This will all help your audience to understand context and discern patterns within the data. It will also make your figures much more memorable.
Convert complex explanations into diagrams and infographics
Long, text-based explanations aren’t helpful. They can be daunting to a reader. And difficult to digest.
So what’s the visual alternative? Diagrams and infographics can be used to convey complex ideas, information and processes. And they do it really well!
Audiences find it easier to make sense of information and later remember it when it’s presented to them in one of these visual formats. They get both the big picture and the most important details too.
What’s more, the internet loves a useful and well-designed infographic. Feature it on your presentation but — wherever relevant — share it on the web too. Great visual communication like this will draw attention to your brand.
Create the right mood with typography
Good visual communication extends way beyond images and charts. The fonts you choose also create a visual impact. Just think of all the different typography you see in company logos. A typeface can communicate so much!
So choose a font that complements your presentation narrative. Here’s a quick rundown of some better-known typefaces:
- Serif fonts are generally classy and elegant
- Sans serif fonts are modern, informal and sometimes a little bit techy
- Handwritten fonts help to give a personal touch — but avoid especially flouncy ones. They’re sometimes completely unreadable!
- Soft, round fonts convey a friendly and approachable tone
Play around with fonts and you’ll get to know which ones fit your context and your audience best.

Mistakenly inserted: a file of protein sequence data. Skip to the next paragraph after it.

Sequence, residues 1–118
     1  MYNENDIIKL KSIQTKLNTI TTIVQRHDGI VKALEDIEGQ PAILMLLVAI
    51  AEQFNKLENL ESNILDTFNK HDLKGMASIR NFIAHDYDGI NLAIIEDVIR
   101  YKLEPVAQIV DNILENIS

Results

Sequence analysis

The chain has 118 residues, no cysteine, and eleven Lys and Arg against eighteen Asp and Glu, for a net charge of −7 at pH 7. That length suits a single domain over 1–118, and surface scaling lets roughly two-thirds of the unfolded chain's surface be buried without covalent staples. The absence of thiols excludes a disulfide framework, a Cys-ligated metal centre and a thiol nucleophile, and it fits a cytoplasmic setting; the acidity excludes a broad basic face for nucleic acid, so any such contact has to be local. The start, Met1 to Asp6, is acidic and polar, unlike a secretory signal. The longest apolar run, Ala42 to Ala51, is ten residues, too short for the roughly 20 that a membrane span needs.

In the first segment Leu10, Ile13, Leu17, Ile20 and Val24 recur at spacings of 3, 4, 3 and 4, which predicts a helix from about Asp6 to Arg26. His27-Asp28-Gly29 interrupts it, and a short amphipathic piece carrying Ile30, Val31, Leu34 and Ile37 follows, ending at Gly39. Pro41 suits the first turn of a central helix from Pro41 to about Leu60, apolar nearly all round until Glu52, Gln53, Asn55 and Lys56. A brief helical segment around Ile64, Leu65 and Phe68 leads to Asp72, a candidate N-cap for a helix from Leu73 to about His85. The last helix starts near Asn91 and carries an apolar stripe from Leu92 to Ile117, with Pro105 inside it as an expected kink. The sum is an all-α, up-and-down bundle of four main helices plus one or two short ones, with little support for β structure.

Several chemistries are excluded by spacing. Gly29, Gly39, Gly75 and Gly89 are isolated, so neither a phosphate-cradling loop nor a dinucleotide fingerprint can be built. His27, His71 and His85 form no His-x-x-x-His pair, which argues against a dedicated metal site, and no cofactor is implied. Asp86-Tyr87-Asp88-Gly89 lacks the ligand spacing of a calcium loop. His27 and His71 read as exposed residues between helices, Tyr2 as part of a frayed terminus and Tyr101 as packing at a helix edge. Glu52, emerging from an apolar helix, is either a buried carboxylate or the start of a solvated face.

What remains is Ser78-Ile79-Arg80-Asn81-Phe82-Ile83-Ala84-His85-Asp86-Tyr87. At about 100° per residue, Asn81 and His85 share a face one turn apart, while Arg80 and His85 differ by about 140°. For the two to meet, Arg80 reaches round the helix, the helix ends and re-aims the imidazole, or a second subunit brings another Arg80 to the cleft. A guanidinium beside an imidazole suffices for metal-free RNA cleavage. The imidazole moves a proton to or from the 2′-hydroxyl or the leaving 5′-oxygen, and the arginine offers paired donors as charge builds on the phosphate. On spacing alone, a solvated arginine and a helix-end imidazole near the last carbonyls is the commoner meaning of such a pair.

Try using GIF and video
The human eye is drawn towards movement. That’s why videos and GIFs attract our attention so easily!
Moving images work really well in presentations, as long as they’re used sparingly and in the right context.
GIFs are informal and often humorous. If you know your audience well, they can be used to illustrate a point or highlight an idea in just seconds.
Short videos (around 30 seconds) are also really great at conveying lots of information in a short space of time. From showing how a product works to filmed testimonials to a guided tour — a video can say so much — without you having to say a word!
How to get started with communication design
If you don’t happen to have a graphic design background, you might be wondering just how you’ll put these design principles into practice.
Whilst it’s often easier than you think, a professional presentation template can really set you off on the right foot. And help to avoid long hours spent slogging over your presentation.
Using a PowerPoint template or Google Slides template means you don’t have to start from scratch. Browse our presentation template library and you’ll find lots of excellent examples of visual communication strategies at work. Our templates combine color, font, shape, image and chart best practice.
Just pick a professional template, add in your text, then customize as much or as little as you like. Whatever your approach, with a SlidesCarnival template, your presentation design is sure to be on point.